Peter Obi’s travails at the Heathrow Airport in London, United Kingdom, may also be connected to his refusal to file the annual account records of Next International Limited, a firm he operates in the country, for a routine auditing process as stipulated by the UK business laws.
Recall that we had found that the firm was struck off in September 2021 after ignoring repeated notices issued by the Companies House, an executive agency of the British government, for government-mandated checks and audits.
The report highlighted portions of the UK laws stating that a compulsory strike-off is imposed on a company by creditors or by the Companies House for non-submission of annual accounts or failure to notify Companies House about a change of official registered office address. It further said that once a company is struck off, its details will be removed from the Companies House register and the company ceases to exist.
According to sources, Obi’s refusal to surrender his firm’s finances to the government’s searchlight may be related to the PANDORA PAPERS leak which occurred in the same year and which detailed how government officials and political figures, including Obi, concealed proceeds of shady deals, received kickbacks and laundered ill-begotten funds through a network of firms domiciled in different parts of Europe, including the United Kingdom.
The intel derived from the leak has strengthened the institutional capacity of Europe’s anti-money laundering units to trace, detect, and flag illegal cash flows into and within the continent. This knowledge has increased the dread of actors responsible for the act and many have taken moves to either move their funds to a safer haven or temporarily halt transactions that may cause suspicion and set the authorities on their trail.
To analyse the situation, a UK business lawyer was contacted and he told the publication that, “the dots are there to connect and it makes for a plausible story that a man whose firm was de-listed for refusing to comply with UK audit laws, and who was also a prominent mention in a most damaging leak about how corrupt individuals use Europe as a conduit and treasure box for stolen wealth, is now having difficulty travelling into the UK.”
“Any number of things could be happening. The de-listing of his business means that the entity must discontinue operations. Failure to do that could warrant an investigation and possible charge. There is also the possibility of obstruction if the audit is considered a step in piecing together the puzzle of illicit cash flows,” he concluded.
Meanwhile, Peter Obi has also raised eyebrows with the series of campaign fund-raisers he hosted in the United Kingdom and across the pond in the United States of America. Although Nigeria is lax about campaign finance regulations, it remains a serious issue in the UK and America. For example, former President Trump was recently indicted over accusations that he misrepresented details of expenses made from his campaign account, and former UK Prime Minister Boris Johnson continues to face questions over his handling of large campaign donations received from donors, including a controversial renovation project carried out at the official residence.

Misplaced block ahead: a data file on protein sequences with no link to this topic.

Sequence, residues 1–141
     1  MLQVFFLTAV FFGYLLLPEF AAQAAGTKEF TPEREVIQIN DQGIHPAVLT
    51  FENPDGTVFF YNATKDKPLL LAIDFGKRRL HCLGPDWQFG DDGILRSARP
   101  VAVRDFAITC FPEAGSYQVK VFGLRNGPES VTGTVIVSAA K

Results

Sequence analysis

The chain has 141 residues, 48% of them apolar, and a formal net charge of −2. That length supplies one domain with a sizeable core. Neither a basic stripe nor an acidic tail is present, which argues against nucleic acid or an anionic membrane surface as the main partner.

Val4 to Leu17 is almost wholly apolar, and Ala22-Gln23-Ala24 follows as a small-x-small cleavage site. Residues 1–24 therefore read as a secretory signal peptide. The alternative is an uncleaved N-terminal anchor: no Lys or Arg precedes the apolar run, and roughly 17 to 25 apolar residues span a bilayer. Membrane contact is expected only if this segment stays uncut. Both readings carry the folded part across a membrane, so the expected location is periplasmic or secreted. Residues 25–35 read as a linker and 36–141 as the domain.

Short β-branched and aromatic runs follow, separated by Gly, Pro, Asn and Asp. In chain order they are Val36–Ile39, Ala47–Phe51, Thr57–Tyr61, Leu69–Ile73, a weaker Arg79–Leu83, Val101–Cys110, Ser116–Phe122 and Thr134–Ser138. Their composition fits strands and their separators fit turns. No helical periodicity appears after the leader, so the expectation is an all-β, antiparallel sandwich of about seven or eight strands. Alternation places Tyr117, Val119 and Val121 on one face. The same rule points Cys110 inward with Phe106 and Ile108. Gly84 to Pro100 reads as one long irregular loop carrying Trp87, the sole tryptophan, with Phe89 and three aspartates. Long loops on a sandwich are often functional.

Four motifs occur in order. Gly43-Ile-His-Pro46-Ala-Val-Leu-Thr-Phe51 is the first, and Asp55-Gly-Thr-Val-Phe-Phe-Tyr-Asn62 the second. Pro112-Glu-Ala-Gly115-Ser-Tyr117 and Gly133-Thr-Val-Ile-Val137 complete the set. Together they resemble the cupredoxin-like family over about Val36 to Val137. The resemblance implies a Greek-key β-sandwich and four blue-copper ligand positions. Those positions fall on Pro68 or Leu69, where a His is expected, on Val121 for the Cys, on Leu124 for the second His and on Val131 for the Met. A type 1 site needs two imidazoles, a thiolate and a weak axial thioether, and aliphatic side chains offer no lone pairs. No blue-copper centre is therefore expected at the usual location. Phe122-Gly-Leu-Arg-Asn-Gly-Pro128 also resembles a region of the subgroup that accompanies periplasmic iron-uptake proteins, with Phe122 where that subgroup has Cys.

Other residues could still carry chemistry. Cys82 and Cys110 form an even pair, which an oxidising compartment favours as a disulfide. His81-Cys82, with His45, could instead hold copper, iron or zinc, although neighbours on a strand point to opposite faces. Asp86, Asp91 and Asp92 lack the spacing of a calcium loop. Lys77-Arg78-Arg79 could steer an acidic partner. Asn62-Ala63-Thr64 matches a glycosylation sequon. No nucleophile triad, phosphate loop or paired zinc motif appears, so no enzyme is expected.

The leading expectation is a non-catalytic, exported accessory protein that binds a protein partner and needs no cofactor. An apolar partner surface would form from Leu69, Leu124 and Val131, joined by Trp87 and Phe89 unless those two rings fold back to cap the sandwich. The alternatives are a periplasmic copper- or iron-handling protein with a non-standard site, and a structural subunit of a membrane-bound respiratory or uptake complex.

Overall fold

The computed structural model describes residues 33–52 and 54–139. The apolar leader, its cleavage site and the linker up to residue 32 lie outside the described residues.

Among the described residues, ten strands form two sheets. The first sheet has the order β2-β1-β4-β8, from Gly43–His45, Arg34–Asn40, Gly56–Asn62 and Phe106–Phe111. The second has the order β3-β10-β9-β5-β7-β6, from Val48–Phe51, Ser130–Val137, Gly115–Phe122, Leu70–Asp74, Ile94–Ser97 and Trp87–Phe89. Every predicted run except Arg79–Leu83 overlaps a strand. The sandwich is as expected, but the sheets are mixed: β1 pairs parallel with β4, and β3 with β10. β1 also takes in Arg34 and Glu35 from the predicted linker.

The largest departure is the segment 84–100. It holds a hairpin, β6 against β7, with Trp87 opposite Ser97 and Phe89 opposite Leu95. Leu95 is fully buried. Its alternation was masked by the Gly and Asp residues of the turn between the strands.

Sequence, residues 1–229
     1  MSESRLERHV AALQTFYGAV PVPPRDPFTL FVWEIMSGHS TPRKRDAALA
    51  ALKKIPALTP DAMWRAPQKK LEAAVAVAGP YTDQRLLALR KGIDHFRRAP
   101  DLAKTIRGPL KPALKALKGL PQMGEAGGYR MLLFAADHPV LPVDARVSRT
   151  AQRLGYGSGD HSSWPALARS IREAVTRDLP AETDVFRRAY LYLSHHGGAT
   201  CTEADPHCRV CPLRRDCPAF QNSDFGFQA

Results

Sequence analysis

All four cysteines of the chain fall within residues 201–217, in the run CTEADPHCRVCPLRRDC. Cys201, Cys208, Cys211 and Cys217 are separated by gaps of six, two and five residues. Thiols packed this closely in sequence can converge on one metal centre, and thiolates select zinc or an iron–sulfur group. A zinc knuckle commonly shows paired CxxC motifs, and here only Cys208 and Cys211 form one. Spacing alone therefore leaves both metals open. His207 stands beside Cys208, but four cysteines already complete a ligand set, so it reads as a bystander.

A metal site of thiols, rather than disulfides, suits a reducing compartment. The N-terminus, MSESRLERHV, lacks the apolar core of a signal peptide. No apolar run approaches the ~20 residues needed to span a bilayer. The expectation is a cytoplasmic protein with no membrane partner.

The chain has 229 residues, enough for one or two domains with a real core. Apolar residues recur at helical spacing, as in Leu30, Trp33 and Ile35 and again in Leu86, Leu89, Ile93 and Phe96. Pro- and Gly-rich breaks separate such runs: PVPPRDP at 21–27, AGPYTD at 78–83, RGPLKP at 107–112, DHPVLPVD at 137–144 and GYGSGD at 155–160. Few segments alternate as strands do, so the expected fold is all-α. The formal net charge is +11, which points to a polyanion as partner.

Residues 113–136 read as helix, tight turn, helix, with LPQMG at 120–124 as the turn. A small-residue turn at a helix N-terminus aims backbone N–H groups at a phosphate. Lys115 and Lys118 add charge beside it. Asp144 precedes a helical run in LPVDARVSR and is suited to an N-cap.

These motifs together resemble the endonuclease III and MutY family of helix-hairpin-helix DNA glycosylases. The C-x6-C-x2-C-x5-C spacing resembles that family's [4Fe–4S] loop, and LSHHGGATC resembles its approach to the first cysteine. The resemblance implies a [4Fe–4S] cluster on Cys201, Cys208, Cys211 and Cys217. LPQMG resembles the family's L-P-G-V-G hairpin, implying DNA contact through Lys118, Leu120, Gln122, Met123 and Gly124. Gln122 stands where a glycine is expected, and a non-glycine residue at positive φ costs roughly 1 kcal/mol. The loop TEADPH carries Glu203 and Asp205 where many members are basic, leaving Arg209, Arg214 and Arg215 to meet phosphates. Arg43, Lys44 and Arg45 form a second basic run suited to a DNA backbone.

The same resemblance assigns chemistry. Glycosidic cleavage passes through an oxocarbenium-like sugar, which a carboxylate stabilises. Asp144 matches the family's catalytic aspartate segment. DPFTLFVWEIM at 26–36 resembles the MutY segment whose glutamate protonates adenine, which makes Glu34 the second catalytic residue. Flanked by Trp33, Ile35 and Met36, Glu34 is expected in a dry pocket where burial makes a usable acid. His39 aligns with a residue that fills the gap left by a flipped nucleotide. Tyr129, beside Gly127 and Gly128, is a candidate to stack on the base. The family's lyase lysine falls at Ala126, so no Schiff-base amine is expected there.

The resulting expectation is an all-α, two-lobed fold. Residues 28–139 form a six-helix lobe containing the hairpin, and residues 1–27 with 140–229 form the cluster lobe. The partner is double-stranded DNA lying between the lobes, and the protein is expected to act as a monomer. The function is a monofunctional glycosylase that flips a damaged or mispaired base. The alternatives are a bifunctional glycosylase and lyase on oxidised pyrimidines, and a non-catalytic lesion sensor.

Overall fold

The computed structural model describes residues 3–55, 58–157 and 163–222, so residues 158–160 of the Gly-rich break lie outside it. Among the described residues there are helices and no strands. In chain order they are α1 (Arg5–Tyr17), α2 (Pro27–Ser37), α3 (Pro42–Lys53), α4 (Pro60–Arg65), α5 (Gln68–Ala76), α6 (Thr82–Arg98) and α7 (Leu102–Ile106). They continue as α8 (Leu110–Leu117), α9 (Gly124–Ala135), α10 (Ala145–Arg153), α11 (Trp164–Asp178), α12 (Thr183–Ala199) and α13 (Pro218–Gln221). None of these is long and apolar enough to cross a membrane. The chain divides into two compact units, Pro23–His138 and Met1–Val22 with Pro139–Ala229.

It remains unclear whether Obi acted in compliance with the stringent laws surrounding fund-raising in the country, especially for political purposes whether local or foreign. Recall that the former Anambra governor raised dust when he embarked on a campaign tour in Europe and America during which he was widely reported to have billed attendees staggering amount in ticket prices to watch him speak, in collaboration with organizers who were citizens of the UK, America, and Germany.
There has been no transparent account of how the funds clawed from the event and other fund-raising efforts were managed. Back home in Nigeria, infighting recently broke out in the Labour Party over leadership control, with a different faction accusing Obi and his henchmen of looting and mismanaging party funds. Also, earlier before the election, members of at least two state chapters of the party wrote a public letter demanding the removal of their chairmen, including national figures such as Doyin Okupe, over corruption and embezzlement.
Mr Okupe, the Director-General of the Obi campaign, was disgraced from his position after he was found guilty of money laundering by a Nigerian court. These events have formed a dark cloud around Obi and made him a subject of local and foreign investigation, sources claim.
Another related factor that may have caused Obi’s Easter ordeal is his suspicious links to Bishop David Oyedepo, the founder of the Living Faith Church, who remains banned from entering the UK over alleged money laundering and criminal assault. Bishop Oyedepo was blacklisted by the UK authorities over sundry allegations, including tax evasion involving a sum reported to be around £16 Million. Recently, an audio leak exposed his collaboration with Obi in the execution of divisive campaign antics involving the spread of targeted messages to Christians seeking to persuade them to view the electoral contest as a “religious war.”
There are indications that the West may have more details about the dark collaboration between the candidate, who is suspected of operating illegal businesses and bank accounts abroad, and the brash cleric who is banned from the UK on the account of tax evasion and other suspicious transfer of funds. This is corroborated by a recent leak at the US Pentagon which showed that the Americans surveilled relevant actors in the Nigerian election and obtained intel from communication taps, including phone calls.